Don’t fall prey to bogus callers or doorstep sellers


After a 43% increase in bogus caller crime over the last year, Hackney Council is urging residents to follow some simple steps to avoid falling prey to those who may trick or con their way into a home.

Not all burglars break into homes. Some will try and find a way in by pretending to be someone from an official organisation such as the Council or a utility company. They may claim to be a tradesperson calling to carry out urgent repairs.

Called ‘bogus callers’, these burglars succeed in gaining entry into a home because they are so believable, they dress, talk and act the part.

Mrs George, an elderly resident who lives in a Council property, opened her door to two males who said they were from the Council. The men said they were there to fix a water leak from a damaged pipe in the flat above. Once the two males entered her home, after not being asked to show their identification, one male took Mrs George to an area of the house where they said the leak was coming from, spraying water on the ceiling to make a leak look realistic. At the same time, the other male searched for cash and items of value in other rooms, stealing money that Mrs George had saved for shopping and to pay the utility bills. After leaving the property, Mrs George found that the money was missing and the emotional impact was devastating. She was scared to open her door to anyone who visited while feeling ashamed that she hadn’t asked for more details from those who knocked at her door.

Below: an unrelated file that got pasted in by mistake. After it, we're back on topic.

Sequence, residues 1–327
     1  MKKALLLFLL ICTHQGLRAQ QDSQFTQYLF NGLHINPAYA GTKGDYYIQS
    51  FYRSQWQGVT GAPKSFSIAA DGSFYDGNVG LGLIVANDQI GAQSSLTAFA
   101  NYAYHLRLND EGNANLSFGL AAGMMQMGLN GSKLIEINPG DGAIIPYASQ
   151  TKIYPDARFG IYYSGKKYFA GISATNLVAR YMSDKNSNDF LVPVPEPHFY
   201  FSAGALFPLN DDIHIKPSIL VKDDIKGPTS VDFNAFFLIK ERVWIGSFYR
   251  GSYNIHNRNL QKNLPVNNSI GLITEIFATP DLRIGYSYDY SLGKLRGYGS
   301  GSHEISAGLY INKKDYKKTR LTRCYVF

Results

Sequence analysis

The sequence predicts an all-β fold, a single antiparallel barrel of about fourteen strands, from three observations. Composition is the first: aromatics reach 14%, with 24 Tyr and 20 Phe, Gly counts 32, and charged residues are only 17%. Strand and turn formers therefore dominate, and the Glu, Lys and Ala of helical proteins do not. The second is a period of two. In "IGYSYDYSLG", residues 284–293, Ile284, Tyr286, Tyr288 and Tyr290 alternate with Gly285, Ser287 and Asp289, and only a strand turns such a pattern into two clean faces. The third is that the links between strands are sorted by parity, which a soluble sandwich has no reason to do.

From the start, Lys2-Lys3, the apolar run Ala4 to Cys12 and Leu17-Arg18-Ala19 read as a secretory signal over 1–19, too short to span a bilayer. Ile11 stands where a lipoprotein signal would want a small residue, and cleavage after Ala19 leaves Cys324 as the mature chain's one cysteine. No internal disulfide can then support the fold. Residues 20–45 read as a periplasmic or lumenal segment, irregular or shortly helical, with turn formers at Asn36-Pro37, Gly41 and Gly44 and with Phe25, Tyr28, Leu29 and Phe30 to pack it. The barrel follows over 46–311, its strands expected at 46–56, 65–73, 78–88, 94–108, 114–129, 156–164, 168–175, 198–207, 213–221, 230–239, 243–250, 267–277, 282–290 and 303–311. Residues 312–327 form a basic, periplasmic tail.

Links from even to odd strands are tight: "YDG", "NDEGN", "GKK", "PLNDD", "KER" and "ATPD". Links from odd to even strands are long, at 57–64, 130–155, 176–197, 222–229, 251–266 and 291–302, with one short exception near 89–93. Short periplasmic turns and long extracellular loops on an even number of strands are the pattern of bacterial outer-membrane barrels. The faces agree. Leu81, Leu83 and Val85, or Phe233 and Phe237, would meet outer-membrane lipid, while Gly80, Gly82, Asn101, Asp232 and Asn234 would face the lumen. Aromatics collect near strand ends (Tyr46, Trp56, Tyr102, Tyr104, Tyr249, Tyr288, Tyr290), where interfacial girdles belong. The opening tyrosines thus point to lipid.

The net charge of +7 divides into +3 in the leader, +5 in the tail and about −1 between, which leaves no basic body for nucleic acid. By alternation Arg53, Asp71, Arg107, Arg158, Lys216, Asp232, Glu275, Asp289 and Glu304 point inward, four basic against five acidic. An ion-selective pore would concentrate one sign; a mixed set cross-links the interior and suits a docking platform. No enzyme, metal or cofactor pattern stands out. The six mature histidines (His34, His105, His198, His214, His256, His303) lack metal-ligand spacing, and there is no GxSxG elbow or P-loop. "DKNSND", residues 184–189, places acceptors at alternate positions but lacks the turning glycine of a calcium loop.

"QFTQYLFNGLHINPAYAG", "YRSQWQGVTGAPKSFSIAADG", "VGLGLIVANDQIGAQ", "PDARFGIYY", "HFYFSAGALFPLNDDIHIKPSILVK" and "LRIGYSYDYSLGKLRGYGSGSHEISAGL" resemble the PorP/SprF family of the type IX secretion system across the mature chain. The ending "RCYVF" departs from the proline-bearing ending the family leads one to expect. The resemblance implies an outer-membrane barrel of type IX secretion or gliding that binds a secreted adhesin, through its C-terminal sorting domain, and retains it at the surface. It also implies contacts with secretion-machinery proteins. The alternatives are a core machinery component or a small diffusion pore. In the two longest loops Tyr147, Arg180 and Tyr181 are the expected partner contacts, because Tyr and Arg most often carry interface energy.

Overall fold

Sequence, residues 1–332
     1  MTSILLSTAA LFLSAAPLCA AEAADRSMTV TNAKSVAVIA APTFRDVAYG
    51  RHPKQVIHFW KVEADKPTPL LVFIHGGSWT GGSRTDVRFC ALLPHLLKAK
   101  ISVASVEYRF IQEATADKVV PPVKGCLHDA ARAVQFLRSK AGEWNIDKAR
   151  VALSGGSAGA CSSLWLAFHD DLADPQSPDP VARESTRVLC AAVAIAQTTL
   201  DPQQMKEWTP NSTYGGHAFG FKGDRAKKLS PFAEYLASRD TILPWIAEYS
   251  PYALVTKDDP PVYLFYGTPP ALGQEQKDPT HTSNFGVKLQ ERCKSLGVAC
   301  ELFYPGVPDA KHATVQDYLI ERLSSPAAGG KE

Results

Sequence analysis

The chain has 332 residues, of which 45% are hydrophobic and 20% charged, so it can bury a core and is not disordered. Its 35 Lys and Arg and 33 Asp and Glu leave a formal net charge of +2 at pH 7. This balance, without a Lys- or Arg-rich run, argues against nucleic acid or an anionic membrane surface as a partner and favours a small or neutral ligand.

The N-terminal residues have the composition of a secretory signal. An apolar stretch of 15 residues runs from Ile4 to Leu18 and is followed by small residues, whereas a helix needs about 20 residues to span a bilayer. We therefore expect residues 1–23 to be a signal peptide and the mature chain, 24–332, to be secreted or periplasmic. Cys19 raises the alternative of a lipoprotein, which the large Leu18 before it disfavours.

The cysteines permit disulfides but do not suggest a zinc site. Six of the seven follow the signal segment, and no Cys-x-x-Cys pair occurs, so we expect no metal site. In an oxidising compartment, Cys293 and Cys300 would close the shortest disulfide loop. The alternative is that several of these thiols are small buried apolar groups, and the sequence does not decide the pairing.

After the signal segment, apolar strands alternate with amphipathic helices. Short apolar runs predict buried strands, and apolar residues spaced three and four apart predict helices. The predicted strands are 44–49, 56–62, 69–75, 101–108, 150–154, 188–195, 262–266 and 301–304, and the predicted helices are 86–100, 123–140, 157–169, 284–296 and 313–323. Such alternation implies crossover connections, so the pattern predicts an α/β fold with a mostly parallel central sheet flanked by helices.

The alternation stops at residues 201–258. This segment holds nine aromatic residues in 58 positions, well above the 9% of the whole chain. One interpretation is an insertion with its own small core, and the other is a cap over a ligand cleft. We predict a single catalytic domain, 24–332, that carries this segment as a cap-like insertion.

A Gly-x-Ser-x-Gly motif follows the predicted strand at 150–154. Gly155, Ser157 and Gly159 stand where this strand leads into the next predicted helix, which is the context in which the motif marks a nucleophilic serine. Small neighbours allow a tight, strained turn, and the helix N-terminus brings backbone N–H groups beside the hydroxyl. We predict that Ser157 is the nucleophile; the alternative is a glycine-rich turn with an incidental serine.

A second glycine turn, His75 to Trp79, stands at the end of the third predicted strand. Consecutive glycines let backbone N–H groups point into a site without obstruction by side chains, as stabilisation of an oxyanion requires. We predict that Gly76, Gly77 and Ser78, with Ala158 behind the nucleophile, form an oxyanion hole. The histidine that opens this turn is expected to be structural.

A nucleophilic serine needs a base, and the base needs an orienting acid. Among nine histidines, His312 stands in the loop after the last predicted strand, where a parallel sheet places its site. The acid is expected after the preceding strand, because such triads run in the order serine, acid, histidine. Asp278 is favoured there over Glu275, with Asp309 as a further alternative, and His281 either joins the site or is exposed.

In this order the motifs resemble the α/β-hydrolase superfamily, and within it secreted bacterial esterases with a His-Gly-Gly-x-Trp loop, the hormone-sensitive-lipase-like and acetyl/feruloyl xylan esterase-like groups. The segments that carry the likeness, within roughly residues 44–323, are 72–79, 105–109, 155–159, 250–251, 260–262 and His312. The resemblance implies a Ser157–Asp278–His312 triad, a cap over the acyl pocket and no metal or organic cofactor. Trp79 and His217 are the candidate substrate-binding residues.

The Council and police are encouraging residents to follow these simple steps that will help to identify a bogus caller from a genuine caller:

• Think before opening the door: use a chain, spy hole or look out the window to see if you recognise the caller. If in doubt, or if you feel anxious, don’t open the door. Treat every stranger with caution and if you are still worried, call 999 (for an emergency) or 101 (non-emergency).

• Ask for proof of identity: genuine tradesmen carry identification which includes a photograph and they won’t mind you checking their credentials. Check their identification carefully and if still unsure, close the door and phone the company that the person says they are from.

• Service companies for gas, water and electricity offer a password identification system: any caller from one of the companies should be able to provide a pre-arranged password as an added proof of identity. If the caller cannot provide a password, arrange an alternative visit with the utility provider.

• If you are not convinced of the identity of the caller, don’t let them in: ask the caller to come back later and arrange for a friend, relative or nominated neighbour to be with you. You can also ask the caller to contact this person ahead of the visit. For more information on the Nominated Neighbour Scheme, please contact Hackney Council’s Safer Communities team by phoning: 020 8356 3170.

• Don’t be distracted by callers: sometimes bogus callers will claim they have seen something wrong in your back garden or somewhere else on the property to encourage you to leave your house. The caller may be working with an accomplice. Never leave your door open.

For more information and advice about bogus and doorstep callers, please visit the Met Police website or call Hackney Council’s Safer Communities team on: 020 8356 3170.